Can a landlord split property ownership to save tax?

A landlord should consider splitting property ownership or rental income with a partner.

There are potential income and capital gains tax benefits for landlords depending on a variety of factors which you need to carefully consider.

It can work well because it allows for both income tax allowances to be maximised from both parties to give an overall tax saving.

Additionally should you choose to sell a rental property at a higher price than it cost capital gains tax may be lowered by being able to use more than one capital gains tax allowance (AEA).

Legally splitting ownership of a property is different to only allocating some rental income to a partner.

Whenever you share ownership of a property with others everyone is considered to have an equal stake in that property for tax related matters but in some cases you can divide the rental income by different ratios to maximise the tax benefits for each partner.

Splitting rental income for tax purposes

Splitting property ownership so you can distribute rental income with your partner can be particularly beneficial if one party falls under a higher rate tax bracket while the other is on a non taxable or basic rate.

Married or civil partner splitting rental income:

When ownership of a property is split in general the expectation is that the rental income is shared equally.

The percentage share of rental income can potentially be altered by making a declaration to HMRC through the completion of HMRC form 17.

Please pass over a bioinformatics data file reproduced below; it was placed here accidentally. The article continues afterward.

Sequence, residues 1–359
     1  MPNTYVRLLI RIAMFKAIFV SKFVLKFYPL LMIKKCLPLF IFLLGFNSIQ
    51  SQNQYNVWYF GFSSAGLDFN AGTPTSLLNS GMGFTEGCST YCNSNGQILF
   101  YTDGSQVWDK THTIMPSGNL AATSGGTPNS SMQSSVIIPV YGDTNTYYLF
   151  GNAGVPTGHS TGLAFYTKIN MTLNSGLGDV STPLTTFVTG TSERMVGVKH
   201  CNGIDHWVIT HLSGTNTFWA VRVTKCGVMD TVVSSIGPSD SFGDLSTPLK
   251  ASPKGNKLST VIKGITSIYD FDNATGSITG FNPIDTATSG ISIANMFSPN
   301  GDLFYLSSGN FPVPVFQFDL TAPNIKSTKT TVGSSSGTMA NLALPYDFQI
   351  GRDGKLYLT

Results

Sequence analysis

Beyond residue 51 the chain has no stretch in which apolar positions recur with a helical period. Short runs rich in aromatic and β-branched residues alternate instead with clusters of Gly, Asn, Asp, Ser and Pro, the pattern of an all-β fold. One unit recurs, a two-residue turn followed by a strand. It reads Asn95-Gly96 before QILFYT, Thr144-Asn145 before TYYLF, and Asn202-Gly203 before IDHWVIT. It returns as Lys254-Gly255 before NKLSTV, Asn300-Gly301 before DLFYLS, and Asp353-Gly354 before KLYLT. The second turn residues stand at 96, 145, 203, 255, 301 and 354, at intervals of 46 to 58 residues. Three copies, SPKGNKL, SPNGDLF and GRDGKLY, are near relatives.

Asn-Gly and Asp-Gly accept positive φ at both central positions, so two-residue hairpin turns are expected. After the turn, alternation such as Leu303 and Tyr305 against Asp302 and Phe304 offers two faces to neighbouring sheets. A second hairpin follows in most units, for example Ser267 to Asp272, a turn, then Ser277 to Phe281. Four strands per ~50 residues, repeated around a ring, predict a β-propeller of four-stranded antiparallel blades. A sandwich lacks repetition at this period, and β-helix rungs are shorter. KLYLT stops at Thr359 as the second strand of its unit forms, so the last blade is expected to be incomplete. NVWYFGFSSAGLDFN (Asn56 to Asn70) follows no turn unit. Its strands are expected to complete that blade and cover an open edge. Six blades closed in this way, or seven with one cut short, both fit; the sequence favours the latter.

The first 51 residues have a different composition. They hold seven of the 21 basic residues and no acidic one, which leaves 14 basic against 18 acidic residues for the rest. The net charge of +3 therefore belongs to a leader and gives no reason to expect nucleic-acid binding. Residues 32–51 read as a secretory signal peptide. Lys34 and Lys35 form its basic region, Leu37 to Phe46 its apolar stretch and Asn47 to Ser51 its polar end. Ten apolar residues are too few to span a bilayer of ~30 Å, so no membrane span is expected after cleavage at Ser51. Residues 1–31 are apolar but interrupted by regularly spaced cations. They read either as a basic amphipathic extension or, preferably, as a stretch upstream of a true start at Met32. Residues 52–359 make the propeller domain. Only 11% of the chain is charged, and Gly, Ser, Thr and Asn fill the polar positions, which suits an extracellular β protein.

A form 17 election is exclusively available when the let property is owned by spouses or civil partners as tenants in common. This specific property ownership type means that each party individually owns a portion of the property (not necessarily 50:50).

In comparison if the property ownership falls under joint tenancy making a form 17 election isn’t feasible. Under joint tenancy both parties have equal ownership of all parts of the property meaning any rental income derived from it can only ever be equally divided on a 50:50 basis.

Unmarried partners splitting rental income:

Unmarried partners do not have to follow the same regulations as married couples and civil partners when it comes to rental profits from a buy to let property. This can allow for more flexibility in how these profits are taxed.

Typically the income is divided between joint owners based on their ownership percentages but in reality this may not always be the most advantageous option from a tax perspective.

If an alternative allocation would result in a lower combined tax bill the joint owners can mutually agree to divide the rental profits at a different ratio split.

No official election is necessary and unlike married couples and civil partners unmarried joint owners have the freedom to distribute income however they see fit. It’s important to note that for tax purposes the split must align with the agreed upon rental profit share.

What are the types of joint property ownership?

There are different types of ownership in England and Wales and you need to define yours before you can consider splitting ownership:

Sole ownership: 

A property is registered to one owner, in their name; income and capital gains are chargeable solely to that individual. Income and gains may not be shared for tax purposes with a spouse or civil partner.

Joint ownership (joint tenants):